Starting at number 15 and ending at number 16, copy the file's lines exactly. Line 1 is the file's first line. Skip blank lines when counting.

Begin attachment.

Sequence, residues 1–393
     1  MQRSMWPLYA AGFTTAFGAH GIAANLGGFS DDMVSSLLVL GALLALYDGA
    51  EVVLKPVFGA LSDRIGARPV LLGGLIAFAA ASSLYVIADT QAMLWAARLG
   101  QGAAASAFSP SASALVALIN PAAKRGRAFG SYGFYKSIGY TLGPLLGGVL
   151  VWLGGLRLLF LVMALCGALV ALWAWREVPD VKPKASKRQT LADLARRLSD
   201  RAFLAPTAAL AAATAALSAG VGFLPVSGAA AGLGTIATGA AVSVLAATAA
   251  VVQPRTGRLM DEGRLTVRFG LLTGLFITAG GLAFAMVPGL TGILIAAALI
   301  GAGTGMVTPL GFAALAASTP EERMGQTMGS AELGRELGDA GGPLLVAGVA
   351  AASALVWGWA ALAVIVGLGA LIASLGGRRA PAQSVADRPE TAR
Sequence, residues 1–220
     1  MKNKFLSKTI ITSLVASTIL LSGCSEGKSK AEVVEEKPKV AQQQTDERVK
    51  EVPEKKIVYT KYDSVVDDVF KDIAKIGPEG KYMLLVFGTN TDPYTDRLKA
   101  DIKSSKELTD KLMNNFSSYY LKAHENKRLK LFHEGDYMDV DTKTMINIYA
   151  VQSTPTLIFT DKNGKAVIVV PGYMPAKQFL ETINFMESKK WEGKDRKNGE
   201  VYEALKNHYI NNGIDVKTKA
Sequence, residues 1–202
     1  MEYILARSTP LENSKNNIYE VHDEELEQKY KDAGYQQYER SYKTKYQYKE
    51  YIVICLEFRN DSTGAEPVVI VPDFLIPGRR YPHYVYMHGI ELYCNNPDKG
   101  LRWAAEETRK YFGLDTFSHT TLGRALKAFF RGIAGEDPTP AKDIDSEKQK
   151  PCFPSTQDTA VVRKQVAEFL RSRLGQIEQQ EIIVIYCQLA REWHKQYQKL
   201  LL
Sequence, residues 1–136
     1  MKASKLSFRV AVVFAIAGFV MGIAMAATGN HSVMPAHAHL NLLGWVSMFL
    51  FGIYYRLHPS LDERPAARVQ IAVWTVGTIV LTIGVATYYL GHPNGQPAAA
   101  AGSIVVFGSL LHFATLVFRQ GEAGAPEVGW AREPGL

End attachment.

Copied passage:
   201  VYEALKNHYI NNGIDVKTKA
Sequence, residues 1–202